Valentine’s Day: Does Happily Ever After Still Exist? Do You Believe in Marriage?

February 13, 2011 Updated: October 1, 2015

Daniel Goleman- autor of Emotional Intelligence theory and books and 2nd is Enrich Fromm autor of the Art of Loving- among othersSo, it's 2011—another year of buying a new home, making loan payments, looking for a bigger career, working on the next degree, or simply making ends meet. But somewhere in there is the need for love, the understanding from that special someone.

Last year, 2.3 million couples got married in the United States alone, mostly based on love—the couples chose each other and professed love for one another from the bottom of their hearts. In India, however, the vast majority of marriages are arranged, after arduous assessment of compatibilities and other factors by the couples' families.

The Rat Race

But let’s look deeper into the changing times in both cultures. I picked these two countries because, however different they might seem, let’s face it, both are in the rat race.

Consider a boy from a Brahman family in India, who was educated in the best Catholic schools in Calcutta and Mumbai. His family ingrains in him the idea that he has to be the best student—study, physical activities, and prayer—every day.

In the 8th grade, when he was 12 years old, he took a major exam and failed it. He felt like he could not show his face at home. Many boys in similar situations committed suicide, but he was more balanced. The next year, he passed it.

When he expressed his childish nature, he was brought back into line with beatings from his parents, using brute physical force. His parents practiced traditional religious laws—no expressions of love were allowed between adults.

In the 10th grade, when he was 14 years old, he took the placement exam and was 4th in his school and 31st for the entire grade in Mumbai.

His father worked for a European company, traveling a great deal, and his mother worked too—12 hours a day. The strict foundation of strong academic study and securing a good job has paid off for the boy, who now at 32 years of age is working in Manhattan and earning good pay, with a good reputation in his field.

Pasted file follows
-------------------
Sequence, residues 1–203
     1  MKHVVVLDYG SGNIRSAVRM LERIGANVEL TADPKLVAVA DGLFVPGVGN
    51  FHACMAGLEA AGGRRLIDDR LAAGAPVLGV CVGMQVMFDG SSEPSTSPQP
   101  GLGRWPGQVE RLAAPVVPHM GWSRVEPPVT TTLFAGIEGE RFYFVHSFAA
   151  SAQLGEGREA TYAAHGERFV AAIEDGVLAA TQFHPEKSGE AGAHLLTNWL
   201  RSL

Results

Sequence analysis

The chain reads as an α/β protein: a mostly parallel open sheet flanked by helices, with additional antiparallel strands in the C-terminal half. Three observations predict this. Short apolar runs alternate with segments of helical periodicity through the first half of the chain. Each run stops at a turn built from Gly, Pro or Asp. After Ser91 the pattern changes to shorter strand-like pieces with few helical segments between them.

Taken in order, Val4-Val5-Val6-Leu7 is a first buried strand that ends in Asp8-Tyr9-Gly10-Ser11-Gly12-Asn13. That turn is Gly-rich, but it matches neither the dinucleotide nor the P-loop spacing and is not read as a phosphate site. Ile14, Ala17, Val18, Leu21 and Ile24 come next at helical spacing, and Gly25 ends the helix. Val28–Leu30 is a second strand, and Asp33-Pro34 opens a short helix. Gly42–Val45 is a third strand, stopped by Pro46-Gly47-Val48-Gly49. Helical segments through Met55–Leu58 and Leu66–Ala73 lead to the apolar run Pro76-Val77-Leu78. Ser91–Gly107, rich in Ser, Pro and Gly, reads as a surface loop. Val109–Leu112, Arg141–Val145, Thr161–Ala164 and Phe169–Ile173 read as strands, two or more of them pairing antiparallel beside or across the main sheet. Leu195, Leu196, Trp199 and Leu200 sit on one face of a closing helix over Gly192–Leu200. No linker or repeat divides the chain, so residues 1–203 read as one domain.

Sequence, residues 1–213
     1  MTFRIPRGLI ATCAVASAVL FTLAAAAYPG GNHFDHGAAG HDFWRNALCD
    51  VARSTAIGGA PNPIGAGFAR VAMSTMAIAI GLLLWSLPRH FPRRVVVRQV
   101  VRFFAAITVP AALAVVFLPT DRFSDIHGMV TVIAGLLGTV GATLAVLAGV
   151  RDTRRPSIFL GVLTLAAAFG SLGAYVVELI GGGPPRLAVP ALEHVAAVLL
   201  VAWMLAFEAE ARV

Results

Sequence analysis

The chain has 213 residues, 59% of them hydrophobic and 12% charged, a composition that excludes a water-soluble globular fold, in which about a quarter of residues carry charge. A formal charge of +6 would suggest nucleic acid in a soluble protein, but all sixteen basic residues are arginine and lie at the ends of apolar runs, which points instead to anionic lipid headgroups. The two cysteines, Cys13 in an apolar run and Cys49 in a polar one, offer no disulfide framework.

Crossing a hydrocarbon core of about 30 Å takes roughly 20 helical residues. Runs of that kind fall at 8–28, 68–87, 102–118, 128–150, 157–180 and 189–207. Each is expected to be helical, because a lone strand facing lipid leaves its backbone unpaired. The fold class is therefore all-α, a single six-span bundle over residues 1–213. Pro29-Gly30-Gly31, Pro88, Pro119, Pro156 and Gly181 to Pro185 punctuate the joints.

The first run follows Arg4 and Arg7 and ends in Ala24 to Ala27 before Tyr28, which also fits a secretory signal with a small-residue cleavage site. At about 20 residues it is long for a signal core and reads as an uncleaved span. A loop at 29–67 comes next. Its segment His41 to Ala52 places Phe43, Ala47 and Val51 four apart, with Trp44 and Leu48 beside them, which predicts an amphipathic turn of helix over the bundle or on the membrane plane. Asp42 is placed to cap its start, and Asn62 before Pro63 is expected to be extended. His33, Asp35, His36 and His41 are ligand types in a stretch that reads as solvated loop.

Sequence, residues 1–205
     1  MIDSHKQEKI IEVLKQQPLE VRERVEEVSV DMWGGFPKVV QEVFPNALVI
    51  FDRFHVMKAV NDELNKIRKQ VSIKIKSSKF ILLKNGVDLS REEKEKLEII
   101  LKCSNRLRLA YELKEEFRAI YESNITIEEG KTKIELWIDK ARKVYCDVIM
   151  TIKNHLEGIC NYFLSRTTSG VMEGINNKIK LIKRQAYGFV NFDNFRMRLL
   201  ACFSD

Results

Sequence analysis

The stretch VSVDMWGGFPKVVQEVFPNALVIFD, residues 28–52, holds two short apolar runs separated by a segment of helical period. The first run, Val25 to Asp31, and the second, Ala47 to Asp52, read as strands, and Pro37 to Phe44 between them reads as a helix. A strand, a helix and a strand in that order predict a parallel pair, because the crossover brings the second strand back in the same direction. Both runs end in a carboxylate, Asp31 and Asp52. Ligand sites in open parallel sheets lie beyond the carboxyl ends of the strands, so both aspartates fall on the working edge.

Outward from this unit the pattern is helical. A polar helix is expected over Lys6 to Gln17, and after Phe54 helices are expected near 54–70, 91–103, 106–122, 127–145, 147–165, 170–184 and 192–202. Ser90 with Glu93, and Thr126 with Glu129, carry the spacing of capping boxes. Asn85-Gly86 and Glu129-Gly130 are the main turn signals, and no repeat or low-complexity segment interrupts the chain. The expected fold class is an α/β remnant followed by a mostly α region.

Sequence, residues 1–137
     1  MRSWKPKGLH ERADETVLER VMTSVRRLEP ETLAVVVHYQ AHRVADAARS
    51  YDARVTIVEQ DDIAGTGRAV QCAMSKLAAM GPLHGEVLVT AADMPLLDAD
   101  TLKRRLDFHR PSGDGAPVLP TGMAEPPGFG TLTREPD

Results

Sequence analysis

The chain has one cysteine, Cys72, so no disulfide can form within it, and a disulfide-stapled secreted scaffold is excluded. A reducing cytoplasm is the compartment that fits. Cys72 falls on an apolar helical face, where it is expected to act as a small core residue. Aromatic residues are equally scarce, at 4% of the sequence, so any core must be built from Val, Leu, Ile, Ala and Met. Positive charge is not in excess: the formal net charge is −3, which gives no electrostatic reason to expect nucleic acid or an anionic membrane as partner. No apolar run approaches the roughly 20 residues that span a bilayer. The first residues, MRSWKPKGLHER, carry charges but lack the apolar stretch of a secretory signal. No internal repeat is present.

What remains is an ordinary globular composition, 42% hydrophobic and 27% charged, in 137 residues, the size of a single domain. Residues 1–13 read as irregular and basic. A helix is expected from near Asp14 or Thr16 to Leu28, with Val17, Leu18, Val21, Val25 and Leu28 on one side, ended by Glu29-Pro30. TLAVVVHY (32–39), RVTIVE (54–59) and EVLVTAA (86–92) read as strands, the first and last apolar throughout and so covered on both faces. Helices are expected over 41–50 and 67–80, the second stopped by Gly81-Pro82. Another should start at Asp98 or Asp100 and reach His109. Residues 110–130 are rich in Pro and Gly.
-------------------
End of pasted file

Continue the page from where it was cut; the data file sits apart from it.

He works 15 hours a day, commutes for another two hours, and still must make time for a half-hour or more of scolding from his parents about what else he did not do and should have done, and the ways he is disappointing his family and still not fulfilling his obligations.

There is a girl in the United States, born to liberal, highly educated parents. She went to the best private school in Massachusetts, spent summers at camps and fell in love with hockey.

Her parents told her the American dream can be achieved by anyone. Be independent, study, pursue your dreams—you can have anything you want. Her mother worked and studied to increase her earnings. Her father was away, discovering new bio-weapons.

The girl, now 40 years old, works 60 hours a week and spends her time as a single mother—by choice. She receives weekly calls from her mother, who lectures her on how she should be more independent.

Both children received very good grounding on the importance of values, however different—tradition, language, reading, math, study, pursuing higher education, and a strong career.

At about age 30, both sets of parents started pushing them into marriage and family. The Indian boy thinks that family is a distraction to his mission—a belief now firmly ingrained. The American girl is so independent that she does not need a man. Quietly though, they both long for unconditional love, warmth, and melting into the caring embrace of a loved one at the end of a hectic day.

Is there something missing from the education they received? Both sets of parents pointed to the power of knowledge in our daily lives—go and learn from the best, and then make make it happen. And so they did.

Views expressed in this article are the opinions of the author and do not necessarily reflect the views of The Epoch Times.